Spyware Sucks
“There is no magic fairy dust protecting Macs" – Dai Zovi, author of “The Mac Hacker’s Handbook"

MS Word Zero Day Exploit – its real but there’s some misinformation out there…

May 20th 2006 in Uncategorized

I spend *far* too much time chasing after false positives in antivirus and antispyware applications, and too much time shouting down misinformation – do a search for the words “false positive” in this blog and you’ll see what I mean.  (Note: please do NOT assume that just because Trend is highlighted so often in my blog that they are have more false positives than anybody else – they’re don’t – its just that I use it more than any other product.  In addition, I have developed an excellent working relationship with Trend over the years in the area of false positives and work closely with them to try and get such problems resolved as quickly as possible.  I find them to be very responsive.  Some members of the online community have come to realise that I can generally get quick action on Trend problems and therefore I am more likely to hear about Trend FPs than problems affecting other products.)

Ok, so now that I’ve made sure that Trend will still respect me in the morning ;o) let’s have a look at the MS Word Zero Day exploit – it is real and has been given various names, including:

Backdoor.Ginwui and TrojanMdropper.H (Symantec)
BackDoor-CKB!cfaae1e6 (McAfee)

Y’know, I wish the antivirus companies would get their act into gear and start ensuring that there is some consistency when they give nasties names.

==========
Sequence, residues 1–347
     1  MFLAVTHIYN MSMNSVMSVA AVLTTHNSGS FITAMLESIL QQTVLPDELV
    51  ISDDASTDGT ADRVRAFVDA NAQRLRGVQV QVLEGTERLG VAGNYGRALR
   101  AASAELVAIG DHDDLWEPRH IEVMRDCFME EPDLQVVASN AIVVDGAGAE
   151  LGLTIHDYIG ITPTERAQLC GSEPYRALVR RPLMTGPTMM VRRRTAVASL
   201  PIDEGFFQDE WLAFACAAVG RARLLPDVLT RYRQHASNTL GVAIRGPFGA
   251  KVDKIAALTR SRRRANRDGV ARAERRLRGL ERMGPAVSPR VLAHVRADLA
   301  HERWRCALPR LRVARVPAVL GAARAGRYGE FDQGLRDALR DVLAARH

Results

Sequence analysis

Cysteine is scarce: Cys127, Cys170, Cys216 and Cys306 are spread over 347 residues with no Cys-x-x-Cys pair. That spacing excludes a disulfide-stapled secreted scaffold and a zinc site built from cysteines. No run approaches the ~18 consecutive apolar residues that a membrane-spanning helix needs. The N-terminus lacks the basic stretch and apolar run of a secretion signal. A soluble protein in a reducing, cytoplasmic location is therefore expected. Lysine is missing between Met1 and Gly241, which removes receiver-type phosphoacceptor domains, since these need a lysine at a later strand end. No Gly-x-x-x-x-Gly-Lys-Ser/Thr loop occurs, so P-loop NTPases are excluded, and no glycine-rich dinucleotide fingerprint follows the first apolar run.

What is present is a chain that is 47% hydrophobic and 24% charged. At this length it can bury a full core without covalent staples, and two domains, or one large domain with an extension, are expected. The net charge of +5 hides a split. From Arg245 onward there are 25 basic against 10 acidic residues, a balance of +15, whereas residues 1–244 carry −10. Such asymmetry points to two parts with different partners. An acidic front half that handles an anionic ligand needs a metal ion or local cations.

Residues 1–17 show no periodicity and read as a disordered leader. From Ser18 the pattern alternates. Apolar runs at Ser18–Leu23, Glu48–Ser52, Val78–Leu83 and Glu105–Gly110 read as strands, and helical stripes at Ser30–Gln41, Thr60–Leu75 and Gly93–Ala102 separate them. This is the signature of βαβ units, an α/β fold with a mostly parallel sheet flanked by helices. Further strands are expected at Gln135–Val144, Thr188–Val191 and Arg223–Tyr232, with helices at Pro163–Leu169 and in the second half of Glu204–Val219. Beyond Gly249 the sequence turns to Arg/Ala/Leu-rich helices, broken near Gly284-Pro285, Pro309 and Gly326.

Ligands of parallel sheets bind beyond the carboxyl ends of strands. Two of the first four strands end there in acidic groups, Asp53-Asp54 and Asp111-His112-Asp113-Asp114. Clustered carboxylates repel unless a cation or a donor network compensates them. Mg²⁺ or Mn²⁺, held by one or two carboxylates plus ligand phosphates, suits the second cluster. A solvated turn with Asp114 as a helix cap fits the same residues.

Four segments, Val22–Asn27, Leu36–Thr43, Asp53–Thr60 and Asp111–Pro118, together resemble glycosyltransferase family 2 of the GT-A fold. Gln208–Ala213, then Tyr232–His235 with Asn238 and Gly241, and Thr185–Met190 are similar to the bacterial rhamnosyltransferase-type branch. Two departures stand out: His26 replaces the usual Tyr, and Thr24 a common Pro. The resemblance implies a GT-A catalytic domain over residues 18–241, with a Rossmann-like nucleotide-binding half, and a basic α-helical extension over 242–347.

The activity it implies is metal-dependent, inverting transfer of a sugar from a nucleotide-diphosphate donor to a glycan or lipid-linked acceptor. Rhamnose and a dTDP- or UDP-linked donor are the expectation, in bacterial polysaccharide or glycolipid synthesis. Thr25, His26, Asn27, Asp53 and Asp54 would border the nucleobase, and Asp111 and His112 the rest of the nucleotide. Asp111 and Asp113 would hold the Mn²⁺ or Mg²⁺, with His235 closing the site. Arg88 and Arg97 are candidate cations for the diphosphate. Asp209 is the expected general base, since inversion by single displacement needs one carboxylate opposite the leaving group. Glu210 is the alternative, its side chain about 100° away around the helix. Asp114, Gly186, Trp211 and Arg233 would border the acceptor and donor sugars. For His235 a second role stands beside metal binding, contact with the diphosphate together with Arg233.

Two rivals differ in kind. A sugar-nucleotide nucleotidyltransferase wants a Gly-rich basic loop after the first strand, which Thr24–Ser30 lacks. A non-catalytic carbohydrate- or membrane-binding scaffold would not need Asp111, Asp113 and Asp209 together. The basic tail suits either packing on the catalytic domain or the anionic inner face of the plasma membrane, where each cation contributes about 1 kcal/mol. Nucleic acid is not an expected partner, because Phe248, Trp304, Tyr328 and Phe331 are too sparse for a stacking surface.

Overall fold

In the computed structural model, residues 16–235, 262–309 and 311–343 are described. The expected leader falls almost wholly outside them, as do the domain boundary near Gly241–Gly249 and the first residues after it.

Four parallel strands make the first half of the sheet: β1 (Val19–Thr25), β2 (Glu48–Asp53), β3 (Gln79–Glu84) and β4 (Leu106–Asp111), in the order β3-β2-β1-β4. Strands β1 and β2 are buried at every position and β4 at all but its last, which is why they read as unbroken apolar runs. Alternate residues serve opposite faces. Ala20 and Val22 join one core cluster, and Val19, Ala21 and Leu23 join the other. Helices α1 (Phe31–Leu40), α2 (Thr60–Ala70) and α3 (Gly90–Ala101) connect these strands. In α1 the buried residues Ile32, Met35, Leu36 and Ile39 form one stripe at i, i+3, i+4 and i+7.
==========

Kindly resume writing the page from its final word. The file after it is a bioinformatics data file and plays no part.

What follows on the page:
Now, so far I see no reason to panic.  The exploit that was reported and has some areas of the online community in a tizz seems to have been a limited, targeted attack – think low-level industrial espionage.  That’s not to say that others, thanks to this publicity, won’t try to do the same thing, but at the moment, incidents of use of the exploit are not running rampant.

Second, I’m seeing some potential misinformation about the symptoms of this infection – we’ll lie blame at McAfee’s door for this – the problematic knowledgebase article is here:

The article states, in the “Symptoms” section:

“Presence of *one or more* of the following Windows Registry key(s):

  • HKEY_LOCAL_MACHINE\System\CurrentControlSet\Services\gui30svr
  • HKEY_LOCAL_MACHINE\System\ControlSet001\Control\Class\ {8ecc055d-047f-11d1-a537-0000f8753ed1}
  • HKEY_LOCAL_MACHINE\System\ControlSet001\Enum\Root\ legacy_gui30svr000\driver = “{8ECC055D-047F-11D1-A537-0000F8753ED1}024”

The problem lies with the reporting of the (highlighted) second registry key as evidence of infection. 

HKEY_LOCAL_MACHINE\System\ControlSet001\Control\Class\ {8ecc055d-047f-11d1-a537-0000f8753ed1} seems to be a standard registry key appearing on every XP Pro machine that I have examined so far.

Now, the first key, referencing gui30svr is suspicious.  The third key, referencing Enum\Root\legacy_gui30svr is also suspicious.

If you have the first key, or the third key, I would have a closer look at your machine.  If you only have the 2nd key (highlighted in red) I would not be worried.

Apparently the problem with the McAfee article has been reported to the powers that be and, hopefully, will be changed soon.  In the interim, PLEASE do not go into a panic and reformat your PC or delete that key on the McAfee article’s say-so.

Cool – I’m almost famous – quoted on InfoWorld :o)

Comments are closed.

That got your attention, didn’t it…  :o)
Just yesterday I was having a discussionwith some powers that be about physical and network security.  Overall, they were dismissive of the need for such things – “there’s nothing we have that hackers would want” and “nobody’s going to be interested in our stuff – it’ll put them to sleep”.
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